ZAPs and Non-Interactive Witness Indistinguishability from Indistinguishability Obfuscation, by Nir Bitansky and Omer Paneth
We present new constructions of two-message and one-message witness-indistinguishable proofs (ZAPs and NIWIs). This includes:
ZAP (or, equivalently, non-interactive zero-knowledge in the common random string model) from indistinguishability obfuscation and one-way functions.
NIWIs from indistinguishability obfuscation and one-way permutations.
The previous construction of ZAPs [Dwork and Naor, FOCS 00] was based on trapdoor permutations. The two previous NIWI constructions were based either on ZAPs and a derandomization-type complexity assumption [Barak, Ong, and Vadhan CRYPTO 03], or on a specific number theoretic assumption in bilinear groups [Groth, Sahai, and Ostrovsky, CRYPTO 06].
Optimal Resilience Broadcast against Locally Bounded and General Adversaries, by Aris Pagourtzis, Giorgos Panagiotakos, Dimitris Sakavalas
We study the Reliable Broadcast problem in incomplete networks, under the locally bounded adversarial model (Koo, 2004), that is, there is a known bound on the number of players that a Byzantine adversary controls in each player\'s neighborhood. We generalize the model
to the more realistic non-uniform case, by allowing this bound to vary from node to node.
We first settle an open question of Pelc and Peleg (2005) in the affirmative, by showing that Koo\'s Certified Propagation Algorithm (CPA) for ad hoc networks is indeed unique, that is, it can tolerate as many local corruptions as any other non-faulty algorithm, thus having optimal resilience. Actually, we prove the stronger result that a natural extension of CPA is unique for the non-uniform model. We do this by providing a necessary and sufficient condition for reliable broadcast in ad hoc networks. On the other hand, we show that it is NP-hard to check whether this condition holds for a given graph G.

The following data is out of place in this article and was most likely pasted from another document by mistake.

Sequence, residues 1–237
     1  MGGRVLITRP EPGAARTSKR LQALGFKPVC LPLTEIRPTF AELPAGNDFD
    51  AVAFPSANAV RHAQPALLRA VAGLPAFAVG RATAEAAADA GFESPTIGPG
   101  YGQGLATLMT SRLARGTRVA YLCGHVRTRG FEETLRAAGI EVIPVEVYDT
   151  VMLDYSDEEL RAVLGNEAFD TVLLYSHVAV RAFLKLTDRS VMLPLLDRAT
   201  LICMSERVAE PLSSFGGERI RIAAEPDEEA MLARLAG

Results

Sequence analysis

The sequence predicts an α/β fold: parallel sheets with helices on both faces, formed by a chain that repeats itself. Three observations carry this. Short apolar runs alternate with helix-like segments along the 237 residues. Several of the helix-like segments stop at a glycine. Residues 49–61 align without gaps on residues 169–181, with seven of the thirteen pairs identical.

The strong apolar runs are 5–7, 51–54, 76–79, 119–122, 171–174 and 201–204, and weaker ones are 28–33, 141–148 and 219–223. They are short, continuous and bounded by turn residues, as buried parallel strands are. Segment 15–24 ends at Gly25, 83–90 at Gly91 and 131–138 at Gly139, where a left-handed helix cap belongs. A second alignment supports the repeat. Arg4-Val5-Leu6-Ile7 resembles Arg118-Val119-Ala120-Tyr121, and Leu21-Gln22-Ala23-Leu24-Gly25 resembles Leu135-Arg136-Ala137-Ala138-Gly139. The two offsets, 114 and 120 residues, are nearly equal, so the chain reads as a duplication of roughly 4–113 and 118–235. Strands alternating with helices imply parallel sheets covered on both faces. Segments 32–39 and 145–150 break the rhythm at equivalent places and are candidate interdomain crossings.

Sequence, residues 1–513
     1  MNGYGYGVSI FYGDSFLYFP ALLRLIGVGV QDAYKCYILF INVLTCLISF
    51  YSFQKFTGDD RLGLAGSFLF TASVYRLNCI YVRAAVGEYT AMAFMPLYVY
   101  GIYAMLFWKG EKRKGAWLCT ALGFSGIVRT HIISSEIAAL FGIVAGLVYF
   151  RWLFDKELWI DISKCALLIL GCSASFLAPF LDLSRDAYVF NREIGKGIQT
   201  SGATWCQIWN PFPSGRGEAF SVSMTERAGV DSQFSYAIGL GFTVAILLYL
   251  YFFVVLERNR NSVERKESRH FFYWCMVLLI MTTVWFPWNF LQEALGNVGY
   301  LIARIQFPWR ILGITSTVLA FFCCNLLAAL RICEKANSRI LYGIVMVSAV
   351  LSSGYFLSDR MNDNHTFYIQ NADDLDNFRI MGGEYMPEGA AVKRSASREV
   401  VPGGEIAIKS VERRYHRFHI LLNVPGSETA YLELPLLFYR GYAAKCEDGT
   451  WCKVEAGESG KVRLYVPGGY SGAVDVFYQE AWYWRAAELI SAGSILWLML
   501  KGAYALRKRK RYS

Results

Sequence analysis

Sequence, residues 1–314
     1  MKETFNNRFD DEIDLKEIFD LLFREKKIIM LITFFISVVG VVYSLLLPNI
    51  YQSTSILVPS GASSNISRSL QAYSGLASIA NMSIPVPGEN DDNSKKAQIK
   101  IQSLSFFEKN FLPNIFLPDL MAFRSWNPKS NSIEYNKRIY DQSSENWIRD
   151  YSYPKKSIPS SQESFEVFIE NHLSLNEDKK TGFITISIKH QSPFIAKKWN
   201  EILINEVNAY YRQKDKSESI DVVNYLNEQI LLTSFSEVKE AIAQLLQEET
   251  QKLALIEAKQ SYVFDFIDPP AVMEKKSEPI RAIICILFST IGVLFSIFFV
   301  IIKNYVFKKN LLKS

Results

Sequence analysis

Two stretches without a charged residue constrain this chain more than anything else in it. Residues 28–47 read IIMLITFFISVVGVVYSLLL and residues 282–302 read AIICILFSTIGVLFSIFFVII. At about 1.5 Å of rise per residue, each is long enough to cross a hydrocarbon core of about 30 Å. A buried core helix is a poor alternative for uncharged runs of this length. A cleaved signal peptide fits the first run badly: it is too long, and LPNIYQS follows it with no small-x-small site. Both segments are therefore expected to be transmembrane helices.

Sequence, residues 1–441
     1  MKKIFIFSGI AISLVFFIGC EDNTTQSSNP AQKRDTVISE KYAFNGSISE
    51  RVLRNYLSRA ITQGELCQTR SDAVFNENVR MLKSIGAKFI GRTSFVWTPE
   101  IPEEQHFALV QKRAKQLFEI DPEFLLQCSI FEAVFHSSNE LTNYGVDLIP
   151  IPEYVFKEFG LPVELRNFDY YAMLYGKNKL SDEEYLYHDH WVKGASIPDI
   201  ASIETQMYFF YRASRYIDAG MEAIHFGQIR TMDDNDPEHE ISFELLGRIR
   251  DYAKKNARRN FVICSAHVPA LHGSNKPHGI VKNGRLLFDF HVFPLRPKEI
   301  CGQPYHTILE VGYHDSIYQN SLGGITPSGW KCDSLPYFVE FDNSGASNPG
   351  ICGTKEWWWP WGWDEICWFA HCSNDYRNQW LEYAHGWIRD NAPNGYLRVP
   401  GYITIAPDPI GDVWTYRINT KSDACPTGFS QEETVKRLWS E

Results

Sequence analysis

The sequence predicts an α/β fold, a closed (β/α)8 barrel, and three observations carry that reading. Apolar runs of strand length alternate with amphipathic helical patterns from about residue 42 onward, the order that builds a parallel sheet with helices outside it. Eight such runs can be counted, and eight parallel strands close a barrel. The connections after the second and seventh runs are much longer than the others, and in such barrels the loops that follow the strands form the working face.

We also study known topology networks and prove that a topological condition, shown by Pelc and Peleg to be necessary for the existence of a Broadcast algorithm, is also sufficient. This leads to an optimal resilience algorithm for known networks as well. On the downside, we prove that PPA is inefficient. However, we are able to provide evidence showing that probably no efficient protocol of optimal resilience exists.
We take one more step, by considering a hybrid between ad hoc and known topology networks: each node knows a part of the network, namely a connected subgraph containing itself. We show that this partial knowledge model allows for more accurate reliable broadcast
Finally, we show that our results extend to the general adversary model. This, among others, means that an appropriate adaptation of CPA is unique against general adversaries in ad hoc networks.